The majority of palms prefer to have 50% of their soil dry before being irrigated. Always be sure the soil needs water before applying it. Wash the saucer thoroughly, then drain any extra water. Overwatering can cause yellowing and eventually root damage.

When the leaf tips dry out and turn brown, this is a typical issue known as “tipping.” The most frequent culprit is tap water, which has salts, chlorine, fluoride, and other potentially dangerous substances in excess. Use distilled water or rainfall to avoid this.

If you start to see salt buildup as a white crust-like coating on the soil’s surface, you can flush the soil a few times a year. To accomplish this, remove the top layer of dirt and water your palm slowly but liberally with a volume of water that is roughly four times that of your pot. Before repositioning your Palm, allow the water in the pot to completely drain and remove any extra water from the saucer.

Nutrients in the potting soil are replenished by fertilizer, but too much fertilizer can cause leaf tips to become brown and compromise plant health. Only fertilize palm trees in the spring and summer when they are actively growing. Palms that are dormant don’t require more fertilizer. Use palm tree fertilizer at the rate suggested on the box. Keep in mind that more fertilizer is not always better. Never fertilize dry soil because doing so can cause the roots to burn.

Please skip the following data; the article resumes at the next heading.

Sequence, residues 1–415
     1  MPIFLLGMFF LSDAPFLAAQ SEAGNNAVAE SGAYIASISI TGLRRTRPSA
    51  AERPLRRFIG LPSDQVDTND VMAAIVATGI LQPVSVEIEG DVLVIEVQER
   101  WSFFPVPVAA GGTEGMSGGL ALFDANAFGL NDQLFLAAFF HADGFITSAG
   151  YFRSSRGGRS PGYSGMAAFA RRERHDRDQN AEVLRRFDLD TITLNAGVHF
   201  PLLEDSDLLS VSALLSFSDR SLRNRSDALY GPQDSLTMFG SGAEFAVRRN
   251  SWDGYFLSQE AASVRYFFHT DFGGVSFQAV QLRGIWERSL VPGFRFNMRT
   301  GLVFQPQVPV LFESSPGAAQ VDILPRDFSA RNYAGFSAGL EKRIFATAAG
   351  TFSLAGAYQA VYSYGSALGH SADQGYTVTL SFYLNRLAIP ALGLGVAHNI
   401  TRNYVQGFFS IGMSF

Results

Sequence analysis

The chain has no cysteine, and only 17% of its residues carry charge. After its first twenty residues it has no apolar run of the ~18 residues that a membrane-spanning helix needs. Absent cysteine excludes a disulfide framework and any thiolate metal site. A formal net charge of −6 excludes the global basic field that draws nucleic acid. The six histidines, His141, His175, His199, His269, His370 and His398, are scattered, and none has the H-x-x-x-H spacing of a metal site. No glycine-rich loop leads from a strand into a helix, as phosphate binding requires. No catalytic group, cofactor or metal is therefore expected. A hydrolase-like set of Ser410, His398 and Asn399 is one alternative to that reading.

Warm temperatures are necessary for palms to thrive. Despite being often kept warm, indoor plants are nonetheless susceptible to cold harm. Plants should be kept away from windows and doors that draft because the cold air can brown the tips of the leaves. In the winter, keep plants away from windows because leaves contacting the glass might freeze and become brown. Avoid placing items directly in an air conditioning vent during the heat.

Throughout the growing season, palms grow new leaves. A palm tree leaf gets dark as it nears the end of its natural life, starting at the tip and continuing until the leaf is entirely brown and falls off. The brown tips are normal and not cause for alarm if only one or two leaves are browning and new foliage is still coming in.

The right way to remove any brown tips from your plant is as follows:

  • Amass your resources. Paper towel, some rubbing alcohol, and a pair of well-kept scissors or pruning shears are all required. (The alcohol wipes included in first-aid kits are excellent!)